Doctor Doctor Who Guide


…and so on and so on.

I had my lovely friend Matt over last week and being a fellow Doctor Who nut we decided to watch every single episode of the new series over two days. Boy did we argue. Its part of the fun of being a fan really, you all love different stories and it can be an incredibly rich experience to find a friend who you can debate the merits and demerits of such a diverse fourty year old show. We walked away from the visit with very different opinions, he loved Dalek, Father’s Day and The Long Game and I loved The End of the World, World War Three and now I can add Boom Town to that list. Matt despised the gratuitous bodily functions RTD is determined to put in his scripts and the overdone humour (“The telephone is actually red!”) and I got a headache watching Father’s Day. The Long Game aside, I have thoroughly enjoyed RTDs scripts for the series….whilst The Unquiet Dead, Dalek and Father’s Day were all brilliantly dramatic not one of them is half as entertaining as Davies’ work. The only writer who has come close to capturing the sense of whimsy and fun that comes with travelling with the Doctor and still keeps the deeper, emotional material is Steven Moffat. RTD understands television, he knows how to make a series a success and more importantly he recognises that Doctor needs a good sense of humour for it to appeal to the masses. I’m sure Doctor Who fans adored Father’s Day but I reckon the mainstream audience would rather watch World War Three…I know which ones my boyfriend, his mother and my mummy preferred.

Considering he has already written six aired episodes of the series it is astonishing that RTD is still producing fresh, entertaining material as it would be so easy to fall into the I’m writing every episode even if it does go stale (ala JMS over on Babylon 5 and Terry Nation on Blake’s Seven) where they start off well and end up running out of ideas and eventually running out of steam. Whilst The Long Game suggested RTD was losing it he has bounced right back to form with Boom Town, a triumphant 45 minutes of character drama boosted by some great jokes.

Doctor Who is clearly still finding its feet in series one and one of the joys of that transition is to try out new things and see what works. Much like the first few years of sixties Doctor Who this means it is period of imaginative experimentation with something for everyone but everything for no one. Some people will hate Boom Town, in fact I’m certain many people will consider it the worst of the season but rather than bury it for exploring new ground I will have to take the opposite reaction and praise it for exactly that reason. This is unlike anything in Doctor Who, before and since and as such it stands a unique little tale.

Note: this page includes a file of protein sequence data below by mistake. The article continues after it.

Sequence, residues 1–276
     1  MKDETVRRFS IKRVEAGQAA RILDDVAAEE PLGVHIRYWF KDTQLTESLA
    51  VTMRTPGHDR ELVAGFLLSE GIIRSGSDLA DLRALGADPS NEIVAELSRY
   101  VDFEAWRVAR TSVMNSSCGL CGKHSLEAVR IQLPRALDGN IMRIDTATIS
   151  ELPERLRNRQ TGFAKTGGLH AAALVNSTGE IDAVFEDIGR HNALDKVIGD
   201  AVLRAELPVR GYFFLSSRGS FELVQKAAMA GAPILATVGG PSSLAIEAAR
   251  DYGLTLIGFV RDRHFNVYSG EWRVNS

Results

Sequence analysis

It’s all about consequences. Both the Doctor and Rose have to deal with the consequences of their travels and neither of them are particularly comfortable with the idea. It’s probably why Captain Jack feels a bit superfluous this week, being new to the team he has very little baggage yet and nothing to regret. It is RTD asking questions again that nobody ever bothered to before, just like dealing with Rose returning home in Aliens of London. Cleverly, Boom Town picks up two plot threads from World War Three, Rose’s relationship with Mickey and the Doctor’s plan which wiped out all but one of the Slitheen family and shows there are repercussions to these adventures of his. Does Rose have the right keep poor Mickey hanging on like a lost puppy? Is he a victim of their happy-go-lucky travels or a beggar to his own demise? Does the Doctor have the right to step into people lives, make a mess and walk away and leave them deal with it? Does he make a quick exit because he scared to look back and see what he caused? Can he look somebody in the eye and take them to their death?

It was almost as if RTD was answering all of Matt’s worst fears. The Slitheen are back and in the first scene Margret is farting and acting a bit OTT. Looks set to be Aliens of London part two. It only takes RTD two or three scenes to subvert viewer expectations with a wonderfully touching and silly scene in a bathroom between Margret and a journalist. It is faintly ridiculous for a huge, slimy, green alien to be sitting on a toilet and at the point of lurching forwards to kill a woman who threatens her plans but backs down and has a heart to heart instead, discovering the woman is getting married and having a baby. But that is beauty of RTDs writing, he actually manages to make something this absurd work, he writes the scene so well that you are soon feeling sorry for Margret and the fact that she is the last of her family on Earth. When she lets the journalist leave alive it is hard not to feel something for her, despite her icky, muscly visage.